Doctor Frank

Frank is born in the area of Golomoti, a central part of Malawi. The community in which he grows up is poor. His parents are farmers and do some different jobs (his mother brews beer) when an opportunity arises. The income is volatile, but Frank’s parents insist and make it possible he goes to school.

As a schoolkid, Frank also takes care of the chickens. He feels bad for the ones that get ill, and tries to take care of them with better food and a medicine. We can say that the ‘doctor mindset’ expresses itself early on! His mother jokingly tells him he should become a doctor one day, but initially Frank doesn’t feel like ‘having to work in a white jacket the whole day’. 

In primary school Frank demonstrates to be eager to learn and a bright boy. In fact he is the first child that passes on to secondary school (from his primary school), something that happens again only a few years later. Secondary school isn’t an easy period, Frank get’s accepted in a school far from home and has to travel (walk + bus) for nearly 10 hours to get there. This means that at an early age he starts living away from his parents. 

After completing secondary school, Frank obtains a grant for studying at the university of Blantyre. He ends up choosing… Medicine! After graduation he works in several hospitals, but Frank never forgets the village where he grew up and visits his parents regularly. A strong desire slowly grows, but seems a mission impossible.

Frank moves to Lilongwe. There he becomes a General Practitioner (GP) and works hard to build his experience and expertise as a doctor. The years pass by, Franks practice flourishes and so does his family life, as he and his wife welcome two daughters.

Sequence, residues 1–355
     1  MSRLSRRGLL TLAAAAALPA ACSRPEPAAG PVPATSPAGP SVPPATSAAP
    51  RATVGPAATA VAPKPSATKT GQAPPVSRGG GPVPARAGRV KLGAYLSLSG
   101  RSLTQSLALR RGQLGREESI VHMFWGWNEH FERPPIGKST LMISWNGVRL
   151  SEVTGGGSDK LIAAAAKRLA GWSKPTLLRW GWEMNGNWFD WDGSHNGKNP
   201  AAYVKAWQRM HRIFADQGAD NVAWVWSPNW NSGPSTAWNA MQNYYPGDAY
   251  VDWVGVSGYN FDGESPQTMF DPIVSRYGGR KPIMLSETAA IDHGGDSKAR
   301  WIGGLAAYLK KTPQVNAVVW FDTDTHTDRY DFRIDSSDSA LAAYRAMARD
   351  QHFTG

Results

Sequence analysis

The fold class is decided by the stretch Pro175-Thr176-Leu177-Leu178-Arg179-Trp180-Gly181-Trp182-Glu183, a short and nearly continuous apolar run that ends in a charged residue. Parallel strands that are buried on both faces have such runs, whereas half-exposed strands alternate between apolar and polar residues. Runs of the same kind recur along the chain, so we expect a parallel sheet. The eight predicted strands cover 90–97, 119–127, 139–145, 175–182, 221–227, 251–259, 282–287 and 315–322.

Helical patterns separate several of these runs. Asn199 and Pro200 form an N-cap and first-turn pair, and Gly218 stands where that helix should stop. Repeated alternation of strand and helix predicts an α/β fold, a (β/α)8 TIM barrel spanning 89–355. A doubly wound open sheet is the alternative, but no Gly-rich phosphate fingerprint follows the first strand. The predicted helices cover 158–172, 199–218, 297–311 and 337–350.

One day (about seven years ago), he decides to pursue his desire: to provide medical care in the community where he grew up. He starts a clinic in a rented building and begins to offer basic services (part time and at a 2 hour drive from home).It’s a challenging period and Frank tries to combine all together: work in Lilongwe, the clinic in Golomoti and his family.

His family saves everything they can and at a certain point, about three years ago, Frank leaves the job as GP and dedicates himself completely to his life project, characterized by the start of construction of a new building. Based on the money available, every month the building progresses a bit. Frank requests to be connected to the electricity grid about 1,5 years ago and receives the promises this will happen once the construction is completed. 

Today, even if the services provided are still limited, the clinic is flourishing. A growing number of approximately 800 people depends on ‘Luntha clinic’ and is very happy to have professional health care nearby, as alternatives are either far away or not good. Unfortunately, there is a fundamental problem Frank is facing: he has received the confirmation that connection to the grid is not feasible. Based on the appliances needed, the good news is that a solar power system, with battery storage, can provide the electricity needed to enable medical care at this clinic in the future.

Find out more about this project, and how you can help us achieve this,  here.